The Workshop offices will be closed from December 20 through January 3
We on the Community Media Workshop’s team are so grateful for YOUR engagement with our community of communicators. As we move into the year-end holiday season (our Columbia office follows the college’s building schedule, so we’re closed from December 20 through January 3), we look forward to a dynamic New Year of helping you tell your story.
Despite the budget challenges most nonprofits continue to face as we recover from the Great Recession, the Workshop continues to provide a multi-faceted approach to helping organizations get their stories out to the shifting media landscape, and beyond. We continue to provide affordable basic communications planning trainings alongside a heavy mix of social media tool building. Through scheduled trainings, custom workshops and our Making Media Connections annual conference, almost 900 organizations and some 1800 individuals engaged the Workshop for your communications needs over the past year.
We also strive to serve journalists as news gathering and publishing shifts increasingly to online platforms: through our ongoing Newstips project, Chicago Is the World engagement with ethnic media, We Are Not Alone/No Estamos Solo anti-violence reporting, ChicagoStories.org for visiting journalists around the NATO Summit, The NEWnews2012 examination of the online ecosystem, and the well-received Local Reporting Initiative which produced some 30 independent journalism projects focused on issues facing under-covered West & South Side communities.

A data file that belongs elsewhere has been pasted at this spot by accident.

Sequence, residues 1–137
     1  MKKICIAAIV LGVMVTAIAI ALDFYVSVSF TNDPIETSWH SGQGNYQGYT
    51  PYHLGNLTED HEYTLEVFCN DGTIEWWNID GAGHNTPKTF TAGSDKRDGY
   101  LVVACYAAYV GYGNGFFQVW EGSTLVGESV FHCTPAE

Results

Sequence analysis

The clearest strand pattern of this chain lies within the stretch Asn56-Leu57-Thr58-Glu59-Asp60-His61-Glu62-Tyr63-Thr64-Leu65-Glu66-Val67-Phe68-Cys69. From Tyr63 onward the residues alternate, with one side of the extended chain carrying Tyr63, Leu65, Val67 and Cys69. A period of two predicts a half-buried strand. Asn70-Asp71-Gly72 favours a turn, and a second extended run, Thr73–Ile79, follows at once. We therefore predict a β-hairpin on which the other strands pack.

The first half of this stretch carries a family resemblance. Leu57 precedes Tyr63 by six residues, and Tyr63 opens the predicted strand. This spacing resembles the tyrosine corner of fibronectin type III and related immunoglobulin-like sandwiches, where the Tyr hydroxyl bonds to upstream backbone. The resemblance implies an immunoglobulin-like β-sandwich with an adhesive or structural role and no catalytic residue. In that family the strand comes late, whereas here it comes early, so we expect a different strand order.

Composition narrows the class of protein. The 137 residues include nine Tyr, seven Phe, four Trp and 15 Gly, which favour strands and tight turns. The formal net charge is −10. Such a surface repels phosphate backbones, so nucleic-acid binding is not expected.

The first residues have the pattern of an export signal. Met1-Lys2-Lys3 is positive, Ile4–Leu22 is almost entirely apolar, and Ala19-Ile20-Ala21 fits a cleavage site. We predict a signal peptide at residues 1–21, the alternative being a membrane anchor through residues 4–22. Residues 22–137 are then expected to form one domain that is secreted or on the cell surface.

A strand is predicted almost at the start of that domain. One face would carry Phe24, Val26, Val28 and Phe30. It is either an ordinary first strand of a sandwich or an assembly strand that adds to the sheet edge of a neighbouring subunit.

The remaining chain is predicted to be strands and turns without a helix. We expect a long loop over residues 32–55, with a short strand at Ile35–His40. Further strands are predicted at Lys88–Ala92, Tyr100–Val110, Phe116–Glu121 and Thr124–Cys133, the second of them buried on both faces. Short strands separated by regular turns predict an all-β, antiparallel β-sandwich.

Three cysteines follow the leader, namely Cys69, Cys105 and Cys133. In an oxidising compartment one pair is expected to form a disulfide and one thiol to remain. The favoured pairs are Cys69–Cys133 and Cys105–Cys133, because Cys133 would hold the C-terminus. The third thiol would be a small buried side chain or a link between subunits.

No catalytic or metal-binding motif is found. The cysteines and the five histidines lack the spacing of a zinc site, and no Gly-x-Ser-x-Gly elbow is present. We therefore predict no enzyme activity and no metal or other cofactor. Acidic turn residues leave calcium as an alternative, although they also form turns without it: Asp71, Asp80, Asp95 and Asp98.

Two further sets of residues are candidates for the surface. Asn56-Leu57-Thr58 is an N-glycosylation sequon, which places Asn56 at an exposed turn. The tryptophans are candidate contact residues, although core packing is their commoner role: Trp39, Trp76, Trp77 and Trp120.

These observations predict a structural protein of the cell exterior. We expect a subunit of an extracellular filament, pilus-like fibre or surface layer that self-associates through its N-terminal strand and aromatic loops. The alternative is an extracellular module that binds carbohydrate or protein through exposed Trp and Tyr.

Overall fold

Again, we thank you for your support.
Wishing you a safe and happy holiday season, the Workshop looks forward to our communication encounters in the coming new year!
If you missed our How’s Rahm Doing? panel discussion at the Cliff Dwellers Club, tune in to the audio archive featured at our partners at Chicago Public Media’s Chicago Amplified or watch a recording of the event made by our partners at CANTV. Panelists included were Richard Barnett, veteran West Side political organizer; Ricardo Muñoz, 22nd Ward alderman; Amisha Patel of Grassroots Collaborative; and Don Rose, independent political analyst. The panel is moderated by longtime City Hall reporter David Stewart, WLS-AM.
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The Coca-Cola distribution warehouse in the Austin neighborhood in Chicago. Picture provided through Austintalks.org
With Mayor Emanuel’s TIF panel looking into the program’s effectiveness, AustinTalks examines its impact in a community with the seventh-highest unemployment rate in the nation – and finds it falling far short.
Only four TIF projects have been authorized for Austin; only one – relocation of a Coca Cola warehouse – has met the terms of its TIF agreement; and that project has employed just 28 people who live in or near Austin, according to a report by Ellyn Fortino.
More than half of the 200 TIF projects authorized since 2000 are located downtown (as Fortino and ChicagoTalks staff previously reported in the New York Times). “Few if any projects can be found in Chicago’s most blighted communities on the West and South Sides,” Fortino writes in today’s report. “And many of those projects haven’t been completed at all – if started.”
Of $22 million in TIF subsidies allocated for Austin, “only $1.4 million has been paid out – most of it for the Coca Cola distribution center,” Fortino reports. That’s out of $1.2 billion citywide.
That project is “a prime example of how low-income neighborhoods in TIF districts don’t get what they deserve,” with property taxes diverted from public services to benefit big corporations, one activist tells AustinTalks. It’s “legalized corruption,” says Dwayne Truss of the South Austin Coalition.
Read more on this story at the Chicago Local Reporting Initiative – Community News Project page.